Thursday, April 21, 2016

April is Prevention of Lyme Disease in Dogs Month

  •  CAPC Recommends Screening dogs for exposure to Borrelia burgdorferi due to rapid geographic expansion of endemic areas. 
  • In areas where Lyme disease is endemic or emerging, vaccinate dogs against Borrelia burgdorferi and reducing the risk of infection through year-round tick control and avoiding areas with ticks. 
  • Diagnosing Lyme disease based on a combination of clinical signs, including arthritis and renal disease, and positive serology. 
  • Veterinarians recognize that dogs can be sentinels for the risk of Lyme disease to people.

Borrelia burgdorferi

Borrelia burgdorferi

*Despite the common finding of antibodies reactive to B. burgdorferi in cats in endemic areas, natural disease caused by infection in cats—if it occurs at all—is poorly understood. Accordingly, little is known about the prevalence of infection, disease manifestations, and treatment recommendations for feline


  • The standard treatment for disease caused by B. burgdorferi infection in dogs is doxycycline at 10 mg/kg orally every 24 hours for 30 days. 
  • Longer courses of treatment may be necessary in some dogs, particularly those with nephropathy. Prophylactic use of antibiotics following a tick bite is not recommended in dogs given the high frequency of exposure in the face of a relatively low incidence of clinical disease. However, continued monitoring of such dogs for future signs of infection or disease may be warranted.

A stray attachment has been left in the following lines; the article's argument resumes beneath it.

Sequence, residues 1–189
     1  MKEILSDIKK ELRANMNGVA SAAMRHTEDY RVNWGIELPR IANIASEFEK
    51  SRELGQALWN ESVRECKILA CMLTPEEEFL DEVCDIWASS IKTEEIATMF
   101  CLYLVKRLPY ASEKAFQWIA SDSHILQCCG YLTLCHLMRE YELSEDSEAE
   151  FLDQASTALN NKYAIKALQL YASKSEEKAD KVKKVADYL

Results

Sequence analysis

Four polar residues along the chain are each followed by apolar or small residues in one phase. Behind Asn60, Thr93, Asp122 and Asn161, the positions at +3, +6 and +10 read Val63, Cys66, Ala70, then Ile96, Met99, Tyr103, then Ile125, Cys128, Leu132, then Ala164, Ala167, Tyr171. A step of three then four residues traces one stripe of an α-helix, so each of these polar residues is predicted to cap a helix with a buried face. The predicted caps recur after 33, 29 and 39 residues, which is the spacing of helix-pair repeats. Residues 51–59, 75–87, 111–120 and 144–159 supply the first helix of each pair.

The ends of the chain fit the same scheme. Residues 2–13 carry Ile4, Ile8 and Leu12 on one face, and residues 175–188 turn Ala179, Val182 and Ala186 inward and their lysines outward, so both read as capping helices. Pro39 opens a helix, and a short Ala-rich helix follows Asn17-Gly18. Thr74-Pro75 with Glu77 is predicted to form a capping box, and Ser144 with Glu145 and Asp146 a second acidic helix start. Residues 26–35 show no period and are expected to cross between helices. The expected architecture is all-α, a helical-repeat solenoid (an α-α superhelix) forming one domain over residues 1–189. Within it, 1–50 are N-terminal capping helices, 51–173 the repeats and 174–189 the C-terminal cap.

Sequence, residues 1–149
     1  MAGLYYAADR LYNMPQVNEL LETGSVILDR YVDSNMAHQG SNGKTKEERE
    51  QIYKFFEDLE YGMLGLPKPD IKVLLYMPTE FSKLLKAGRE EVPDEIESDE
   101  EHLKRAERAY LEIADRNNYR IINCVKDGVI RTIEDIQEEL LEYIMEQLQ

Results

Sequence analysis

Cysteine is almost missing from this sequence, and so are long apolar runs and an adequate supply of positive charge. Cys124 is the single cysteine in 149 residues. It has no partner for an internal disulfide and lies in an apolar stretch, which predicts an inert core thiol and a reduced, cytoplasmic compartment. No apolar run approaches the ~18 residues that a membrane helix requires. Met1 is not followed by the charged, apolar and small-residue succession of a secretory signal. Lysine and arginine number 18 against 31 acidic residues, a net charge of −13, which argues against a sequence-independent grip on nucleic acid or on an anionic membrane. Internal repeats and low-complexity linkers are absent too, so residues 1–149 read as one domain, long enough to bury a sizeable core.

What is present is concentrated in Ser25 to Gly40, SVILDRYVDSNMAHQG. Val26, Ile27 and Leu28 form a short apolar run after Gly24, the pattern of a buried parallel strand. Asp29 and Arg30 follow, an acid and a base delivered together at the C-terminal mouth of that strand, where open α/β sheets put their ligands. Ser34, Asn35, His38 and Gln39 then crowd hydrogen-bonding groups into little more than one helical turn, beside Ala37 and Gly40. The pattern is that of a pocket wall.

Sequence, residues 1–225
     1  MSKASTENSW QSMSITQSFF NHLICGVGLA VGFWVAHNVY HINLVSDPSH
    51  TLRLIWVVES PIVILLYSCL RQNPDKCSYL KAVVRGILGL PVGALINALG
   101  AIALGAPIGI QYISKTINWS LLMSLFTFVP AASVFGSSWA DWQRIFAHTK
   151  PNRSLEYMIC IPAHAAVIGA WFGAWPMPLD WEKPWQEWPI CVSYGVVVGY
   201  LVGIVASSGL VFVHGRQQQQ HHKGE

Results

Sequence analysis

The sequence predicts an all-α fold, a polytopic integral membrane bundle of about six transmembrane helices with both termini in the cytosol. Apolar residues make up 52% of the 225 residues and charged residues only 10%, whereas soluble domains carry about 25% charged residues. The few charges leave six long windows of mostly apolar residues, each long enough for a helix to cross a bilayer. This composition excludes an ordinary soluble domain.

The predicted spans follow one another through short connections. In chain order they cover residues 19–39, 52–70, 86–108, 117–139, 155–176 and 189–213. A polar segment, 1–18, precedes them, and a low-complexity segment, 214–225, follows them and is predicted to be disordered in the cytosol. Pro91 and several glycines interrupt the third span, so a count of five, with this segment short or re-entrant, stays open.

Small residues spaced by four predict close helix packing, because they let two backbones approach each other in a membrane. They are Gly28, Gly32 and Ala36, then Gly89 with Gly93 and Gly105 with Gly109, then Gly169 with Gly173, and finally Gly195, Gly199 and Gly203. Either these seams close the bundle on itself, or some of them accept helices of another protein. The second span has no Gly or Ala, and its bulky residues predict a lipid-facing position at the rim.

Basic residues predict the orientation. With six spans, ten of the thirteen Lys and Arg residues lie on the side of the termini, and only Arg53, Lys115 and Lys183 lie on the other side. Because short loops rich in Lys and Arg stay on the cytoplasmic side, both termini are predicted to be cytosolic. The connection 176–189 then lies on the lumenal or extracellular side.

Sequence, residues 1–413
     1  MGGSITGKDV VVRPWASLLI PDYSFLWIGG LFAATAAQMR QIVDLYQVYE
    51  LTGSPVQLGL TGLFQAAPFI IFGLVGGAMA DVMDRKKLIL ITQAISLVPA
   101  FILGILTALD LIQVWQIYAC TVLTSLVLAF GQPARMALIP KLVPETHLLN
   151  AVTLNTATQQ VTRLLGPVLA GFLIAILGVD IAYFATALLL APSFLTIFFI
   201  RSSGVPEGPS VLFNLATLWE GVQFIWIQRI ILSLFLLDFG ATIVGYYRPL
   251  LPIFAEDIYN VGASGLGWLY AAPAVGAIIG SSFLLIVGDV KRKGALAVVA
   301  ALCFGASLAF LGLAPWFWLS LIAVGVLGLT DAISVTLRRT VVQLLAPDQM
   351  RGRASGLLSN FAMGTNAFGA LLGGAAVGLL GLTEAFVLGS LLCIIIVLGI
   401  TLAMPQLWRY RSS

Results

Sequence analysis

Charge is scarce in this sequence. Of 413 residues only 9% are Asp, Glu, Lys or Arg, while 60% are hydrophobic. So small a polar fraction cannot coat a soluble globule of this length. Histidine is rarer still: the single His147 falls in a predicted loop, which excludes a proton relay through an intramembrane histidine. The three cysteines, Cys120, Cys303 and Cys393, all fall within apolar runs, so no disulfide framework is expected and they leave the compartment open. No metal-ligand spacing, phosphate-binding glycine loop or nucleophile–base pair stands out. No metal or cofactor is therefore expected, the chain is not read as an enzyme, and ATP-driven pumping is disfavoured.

• Antibiotic treatment of a clinically normal, seropositive dog is controversial. Most seropositive dogs do not have any evidence of clinical disease. However, because the course of infection can be prolonged, treating in the subclinical phase is viewed by some veterinarians as potentially beneficial in preventing the development of chronic disease. Currently, CAPC recommends that seropositive dogs be tested for the presence of other, coinfecting tick-borne disease agents and for evidence of abnormalities on hematology or urinalysis and that a tick-control program be instituted. Antibiotic treatment of seropositive dogs in the absence of clinical or pathological abnormalities is not recommended. However, every conceivable precaution should be taken to minimize any chance that ticks could acquire B. burgdorferi from seropositive pets.